These days, when Keith’s Fantasy Club unveils the prototype for a figure, you can be certain that the actual release will not be far behind. Shortly after the recent Kingorilla (the first Masterpiece-scaled Horrorcon) comes Kingzilla to complete the duo. Kingorilla was pretty spectacular and Kingzilla looks to be even better from the promo photos. Let’s take a look!
BUILD QUALITY, PLASTIC QUALITY & PAINT APPLICATIONS
RATING: 4.5 / 5
Kingzilla spots the same grade of plastics used for Kingorilla, so yes, the swirly grey plastic that bothers some of the collectors is still being used. That aside, build quality of the figure is pretty impressive. The figure is generally made up of molded-in colour plastics with some painted parts.
AESTHETICS & PROPORTIONS
RATING: 4 / 5
Let’s start with Kingzilla’s bot mode. Just like Kingorilla, Kingzilla is heavily referenced from his G1 counterpart, right down to the two holes on the figure’s chest. Strangely, KFC opted for a light grey colour instead of using the white colour used on the G1 figure. It doesn’t make the figure undesirable, but it does feel “less complete”, if you get what I mean. Nonetheless, he cuts a pretty mean figure with the right proportions.
Kingzilla’s jet mode is a winner. It actually looks like a jet, unlike Kingorilla’s more abstract version of one. I would have preferred a more muted colour for the cockpit canopy though.
I didn’t quite like Kingorilla’s ape mode, but man, Kingzilla’s dino mode may be my favourite mode for this figure. There’s commendable effort to make use of the jet mode’s proportions to compliment the dino mode’s. The end result is a very believable dino mode in my opinion. Quite fun to pose too.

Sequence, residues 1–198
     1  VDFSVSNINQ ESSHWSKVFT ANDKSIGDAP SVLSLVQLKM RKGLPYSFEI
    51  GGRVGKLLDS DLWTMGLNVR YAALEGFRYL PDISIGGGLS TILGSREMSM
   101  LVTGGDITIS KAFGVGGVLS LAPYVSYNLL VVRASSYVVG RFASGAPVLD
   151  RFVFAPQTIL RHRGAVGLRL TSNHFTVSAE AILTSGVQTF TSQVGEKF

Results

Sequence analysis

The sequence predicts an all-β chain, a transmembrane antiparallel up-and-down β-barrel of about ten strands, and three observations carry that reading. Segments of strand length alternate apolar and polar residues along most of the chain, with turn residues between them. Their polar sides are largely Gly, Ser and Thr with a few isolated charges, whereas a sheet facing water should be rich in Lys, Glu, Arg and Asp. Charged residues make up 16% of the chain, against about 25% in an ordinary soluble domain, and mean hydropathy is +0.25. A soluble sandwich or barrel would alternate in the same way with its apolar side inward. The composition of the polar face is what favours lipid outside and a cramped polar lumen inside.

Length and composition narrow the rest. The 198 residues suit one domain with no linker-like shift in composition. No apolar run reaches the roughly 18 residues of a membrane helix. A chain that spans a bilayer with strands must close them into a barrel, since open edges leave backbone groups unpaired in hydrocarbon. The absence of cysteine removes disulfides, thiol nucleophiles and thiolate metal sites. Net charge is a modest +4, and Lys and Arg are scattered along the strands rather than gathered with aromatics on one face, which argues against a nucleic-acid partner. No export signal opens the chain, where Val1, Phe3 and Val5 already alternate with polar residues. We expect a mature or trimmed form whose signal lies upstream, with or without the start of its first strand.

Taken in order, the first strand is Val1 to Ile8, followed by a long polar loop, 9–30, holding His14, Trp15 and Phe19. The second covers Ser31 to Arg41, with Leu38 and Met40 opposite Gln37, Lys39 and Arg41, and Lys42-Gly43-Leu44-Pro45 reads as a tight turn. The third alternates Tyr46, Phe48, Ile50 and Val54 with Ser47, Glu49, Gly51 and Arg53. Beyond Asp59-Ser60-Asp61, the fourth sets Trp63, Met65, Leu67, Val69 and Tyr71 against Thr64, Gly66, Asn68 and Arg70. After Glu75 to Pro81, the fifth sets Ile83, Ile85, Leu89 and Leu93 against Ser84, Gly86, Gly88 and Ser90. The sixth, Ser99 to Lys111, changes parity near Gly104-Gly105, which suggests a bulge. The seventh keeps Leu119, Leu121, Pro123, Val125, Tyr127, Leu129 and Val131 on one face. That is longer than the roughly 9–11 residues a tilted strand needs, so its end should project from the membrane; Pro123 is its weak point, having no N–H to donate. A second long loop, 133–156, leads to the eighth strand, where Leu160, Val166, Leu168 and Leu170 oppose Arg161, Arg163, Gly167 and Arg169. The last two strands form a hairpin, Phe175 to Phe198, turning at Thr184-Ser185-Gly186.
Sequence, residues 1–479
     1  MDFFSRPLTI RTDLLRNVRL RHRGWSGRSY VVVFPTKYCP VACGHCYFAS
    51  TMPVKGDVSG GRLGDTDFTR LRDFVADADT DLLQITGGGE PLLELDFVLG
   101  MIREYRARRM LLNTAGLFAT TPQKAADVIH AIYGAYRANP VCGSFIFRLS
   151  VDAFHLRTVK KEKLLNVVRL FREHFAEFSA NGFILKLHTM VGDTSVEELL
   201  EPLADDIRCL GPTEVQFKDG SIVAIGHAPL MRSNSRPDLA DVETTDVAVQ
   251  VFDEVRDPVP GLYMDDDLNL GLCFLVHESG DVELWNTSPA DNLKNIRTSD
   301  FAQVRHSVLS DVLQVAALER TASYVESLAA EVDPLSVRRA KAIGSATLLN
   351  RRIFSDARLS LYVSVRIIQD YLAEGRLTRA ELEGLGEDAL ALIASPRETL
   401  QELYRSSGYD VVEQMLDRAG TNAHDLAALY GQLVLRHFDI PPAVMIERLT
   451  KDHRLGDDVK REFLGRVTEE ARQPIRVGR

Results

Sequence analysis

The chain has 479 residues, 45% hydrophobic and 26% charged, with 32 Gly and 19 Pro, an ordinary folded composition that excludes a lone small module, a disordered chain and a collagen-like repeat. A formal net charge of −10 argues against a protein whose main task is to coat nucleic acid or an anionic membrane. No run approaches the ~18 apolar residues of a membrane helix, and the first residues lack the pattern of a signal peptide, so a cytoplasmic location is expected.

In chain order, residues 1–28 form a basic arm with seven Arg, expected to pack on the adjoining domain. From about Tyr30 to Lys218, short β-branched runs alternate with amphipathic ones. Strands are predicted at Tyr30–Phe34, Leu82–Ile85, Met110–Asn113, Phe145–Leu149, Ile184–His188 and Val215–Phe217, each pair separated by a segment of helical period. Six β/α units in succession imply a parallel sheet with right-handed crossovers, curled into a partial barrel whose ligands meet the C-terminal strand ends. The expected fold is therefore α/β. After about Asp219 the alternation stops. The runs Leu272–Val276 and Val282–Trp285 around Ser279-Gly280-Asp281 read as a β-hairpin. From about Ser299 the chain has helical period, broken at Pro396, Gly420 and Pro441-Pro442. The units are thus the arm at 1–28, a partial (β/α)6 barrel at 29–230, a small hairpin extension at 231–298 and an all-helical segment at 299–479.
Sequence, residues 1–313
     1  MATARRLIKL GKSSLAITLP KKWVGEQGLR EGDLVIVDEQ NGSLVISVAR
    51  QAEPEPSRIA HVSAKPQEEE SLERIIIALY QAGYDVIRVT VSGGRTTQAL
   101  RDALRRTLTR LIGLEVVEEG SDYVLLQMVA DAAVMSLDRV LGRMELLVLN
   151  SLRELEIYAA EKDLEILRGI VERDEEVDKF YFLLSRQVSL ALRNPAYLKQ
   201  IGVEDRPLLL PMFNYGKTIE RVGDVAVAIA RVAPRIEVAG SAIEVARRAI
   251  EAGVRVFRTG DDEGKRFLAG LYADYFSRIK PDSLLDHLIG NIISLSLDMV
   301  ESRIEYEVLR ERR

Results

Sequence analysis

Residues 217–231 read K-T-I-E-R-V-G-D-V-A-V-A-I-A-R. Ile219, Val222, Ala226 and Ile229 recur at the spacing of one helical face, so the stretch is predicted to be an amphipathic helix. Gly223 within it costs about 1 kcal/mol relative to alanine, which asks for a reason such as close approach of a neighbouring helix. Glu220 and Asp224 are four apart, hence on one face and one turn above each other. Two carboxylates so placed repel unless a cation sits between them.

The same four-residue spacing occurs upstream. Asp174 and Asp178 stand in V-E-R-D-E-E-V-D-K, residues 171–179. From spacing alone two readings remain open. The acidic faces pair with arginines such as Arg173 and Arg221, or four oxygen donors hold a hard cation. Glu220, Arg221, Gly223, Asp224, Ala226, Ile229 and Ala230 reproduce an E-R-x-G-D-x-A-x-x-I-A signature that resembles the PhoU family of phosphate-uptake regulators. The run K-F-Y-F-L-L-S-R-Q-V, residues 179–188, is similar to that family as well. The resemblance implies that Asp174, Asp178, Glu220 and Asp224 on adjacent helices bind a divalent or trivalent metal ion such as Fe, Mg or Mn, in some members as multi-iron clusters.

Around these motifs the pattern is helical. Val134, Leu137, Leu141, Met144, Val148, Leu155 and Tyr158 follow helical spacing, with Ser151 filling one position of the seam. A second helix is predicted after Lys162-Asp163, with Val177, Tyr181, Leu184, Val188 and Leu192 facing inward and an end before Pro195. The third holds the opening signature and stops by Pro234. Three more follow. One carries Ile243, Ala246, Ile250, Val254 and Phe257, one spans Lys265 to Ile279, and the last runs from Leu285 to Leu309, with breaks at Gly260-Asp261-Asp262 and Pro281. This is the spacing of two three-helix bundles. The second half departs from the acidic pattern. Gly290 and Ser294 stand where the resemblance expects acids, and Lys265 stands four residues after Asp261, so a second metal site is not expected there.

Kingzilla stands a little taller than his Horrorcon buddy and scales well with other Masterpiece-scaled figures as well.
DESIGN, ENGINEERING & ACCESSORIES
RATING: 3.5 / 5
Inspired by the G1 toy, Kingzilla’s transformation is intuitive, fuss free and also feels smoother than Kingorilla’s. However, this is marred by one aspect of the figure which irks me quite a bit. Because of the ratchets used for his hip-thigh joint, he stands in a wide A-stance. This will lead to some frustration when trying to stand him with both legs side-by-side. They will be either too close or too wide apart. The consolation is that this can be avoided by simply not standing him in such a static pose.
Kingzilla comes with Komodus (Headmaster), two blasters, two thruster blast effect pieces and a KFC flight stand. His cockpit can be lit up with the in-built LED, which is ingeniously activated when you lift up the cockpit canopy.
The Headmaster power meter gimmick adopted from the G1 toy is included as well, activated when Komodus is plugged in.
JOINTS, ARTICULATION & BALANCE
RATING: 3.5 / 5
Kingzilla is well-articulated (aside from the earlier mentioned A-stance ratchets) and has strong joints which are able to hold up his 815g mass. It also comes with the standard KFC-styled articulated fingers.
Kingzilla also has a good range of motion in dino mode.
The release of the two Horrorcon-inspired figures has made 2017 an amazing year. KFC has made a good calculated choice in putting Kingorilla and Kingzilla in a currently uncontested market. This move will no doubt allow KFC to reach out to some naysayers and possibly change their mind with these two figures. Yes, these are not perfect, but I feel that they are sufficient…at least for now.